“CRACKING KNUCKLES WILL CAUSE ARTHRITIS”
Knuckle cracking involves pulling apart the joints by stretching or bending them, which decreases the pressure in the fluid between them. This causes dissolved gases in the fluid to form bubbles, which then burst with a characteristic crack. Legend has it that this causes osteoarthritis, where the cartilage covering the ends of the bones becomes thin and roughens. But this legend isn’t true.
In 1998, Dr Donald L Unger wrote a letter to the editor of Arthritis and Rheumatology. He had been cracking the knuckles of his left hand at least twice a day for 50 years, with his right hand acting as the control. He had compared both hands for evidence of arthritis and found none, but he did confess that his study wasn’t enough to debunk the myth.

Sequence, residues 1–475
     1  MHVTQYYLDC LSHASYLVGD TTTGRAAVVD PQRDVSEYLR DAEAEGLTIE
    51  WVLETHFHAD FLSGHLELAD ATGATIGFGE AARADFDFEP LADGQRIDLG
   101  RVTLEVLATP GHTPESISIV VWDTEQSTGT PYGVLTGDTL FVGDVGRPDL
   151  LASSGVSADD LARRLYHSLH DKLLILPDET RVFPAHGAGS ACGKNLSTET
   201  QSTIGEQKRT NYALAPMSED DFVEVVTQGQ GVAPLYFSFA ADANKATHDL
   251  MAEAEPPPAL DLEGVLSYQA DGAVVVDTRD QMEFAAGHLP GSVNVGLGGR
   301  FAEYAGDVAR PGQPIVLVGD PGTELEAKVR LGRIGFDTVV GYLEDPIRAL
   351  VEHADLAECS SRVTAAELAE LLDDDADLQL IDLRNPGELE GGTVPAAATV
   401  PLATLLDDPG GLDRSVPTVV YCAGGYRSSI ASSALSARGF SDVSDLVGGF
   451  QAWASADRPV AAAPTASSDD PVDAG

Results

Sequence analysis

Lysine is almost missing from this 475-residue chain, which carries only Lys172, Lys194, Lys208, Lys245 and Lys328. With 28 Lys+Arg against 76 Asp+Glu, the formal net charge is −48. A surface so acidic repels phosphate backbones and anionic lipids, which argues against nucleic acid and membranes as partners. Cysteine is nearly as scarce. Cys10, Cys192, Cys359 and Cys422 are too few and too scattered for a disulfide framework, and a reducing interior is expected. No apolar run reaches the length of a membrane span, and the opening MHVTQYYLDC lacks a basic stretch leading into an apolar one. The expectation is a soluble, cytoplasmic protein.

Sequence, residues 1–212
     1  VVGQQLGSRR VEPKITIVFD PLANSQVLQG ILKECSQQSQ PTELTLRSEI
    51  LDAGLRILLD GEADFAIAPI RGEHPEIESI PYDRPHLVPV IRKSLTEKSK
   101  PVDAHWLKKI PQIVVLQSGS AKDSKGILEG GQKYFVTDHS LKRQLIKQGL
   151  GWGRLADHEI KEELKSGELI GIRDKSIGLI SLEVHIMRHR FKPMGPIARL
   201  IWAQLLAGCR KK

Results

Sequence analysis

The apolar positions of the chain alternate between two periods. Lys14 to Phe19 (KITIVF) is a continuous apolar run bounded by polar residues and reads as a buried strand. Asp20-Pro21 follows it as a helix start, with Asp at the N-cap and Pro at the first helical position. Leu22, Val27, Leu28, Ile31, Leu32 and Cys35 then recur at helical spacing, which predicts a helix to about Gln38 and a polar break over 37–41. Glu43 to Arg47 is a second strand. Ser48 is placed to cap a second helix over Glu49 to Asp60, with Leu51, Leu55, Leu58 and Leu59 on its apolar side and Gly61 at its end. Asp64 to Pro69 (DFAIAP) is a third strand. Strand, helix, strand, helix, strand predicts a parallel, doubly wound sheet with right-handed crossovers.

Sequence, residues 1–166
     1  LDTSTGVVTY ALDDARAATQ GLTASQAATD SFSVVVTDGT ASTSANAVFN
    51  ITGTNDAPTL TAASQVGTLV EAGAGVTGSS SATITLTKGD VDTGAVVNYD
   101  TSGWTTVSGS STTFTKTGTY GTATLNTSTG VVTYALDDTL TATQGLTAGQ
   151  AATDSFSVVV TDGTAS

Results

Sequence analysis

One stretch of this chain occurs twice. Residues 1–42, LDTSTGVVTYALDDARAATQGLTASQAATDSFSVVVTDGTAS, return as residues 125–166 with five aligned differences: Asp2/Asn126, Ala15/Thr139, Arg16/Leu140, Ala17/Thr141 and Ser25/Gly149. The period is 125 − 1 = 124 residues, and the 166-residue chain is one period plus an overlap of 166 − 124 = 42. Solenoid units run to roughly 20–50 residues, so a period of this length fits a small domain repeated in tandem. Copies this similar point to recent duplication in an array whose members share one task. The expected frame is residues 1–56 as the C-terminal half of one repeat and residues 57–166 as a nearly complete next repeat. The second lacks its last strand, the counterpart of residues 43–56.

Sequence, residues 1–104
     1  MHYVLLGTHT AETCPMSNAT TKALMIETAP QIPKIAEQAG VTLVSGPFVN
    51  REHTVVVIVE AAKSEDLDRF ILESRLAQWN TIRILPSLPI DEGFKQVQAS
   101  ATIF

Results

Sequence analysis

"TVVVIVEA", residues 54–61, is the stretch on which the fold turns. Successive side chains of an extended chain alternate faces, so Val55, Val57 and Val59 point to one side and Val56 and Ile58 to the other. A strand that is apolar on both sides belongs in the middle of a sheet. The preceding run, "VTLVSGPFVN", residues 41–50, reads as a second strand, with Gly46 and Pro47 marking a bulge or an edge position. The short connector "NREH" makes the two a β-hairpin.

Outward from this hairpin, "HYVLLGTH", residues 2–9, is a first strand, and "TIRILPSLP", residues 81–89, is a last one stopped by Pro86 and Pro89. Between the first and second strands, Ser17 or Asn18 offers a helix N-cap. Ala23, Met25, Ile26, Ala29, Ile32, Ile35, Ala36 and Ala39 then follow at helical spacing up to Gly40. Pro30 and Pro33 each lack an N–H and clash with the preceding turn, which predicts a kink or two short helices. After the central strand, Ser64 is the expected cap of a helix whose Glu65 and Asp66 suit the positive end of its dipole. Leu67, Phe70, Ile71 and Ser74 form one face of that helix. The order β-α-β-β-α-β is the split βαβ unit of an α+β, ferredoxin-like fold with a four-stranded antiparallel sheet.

However, a larger study later appeared in the Journal of the American Board of Family Medicine. The team quizzed 215 people aged 50–89 about their knuckle-cracking habits and looked at X-rays of their hands. The result? There was no difference between those who cracked and those who didn’t.
Osteoarthritis is caused by wear to the cartilage that covers the joints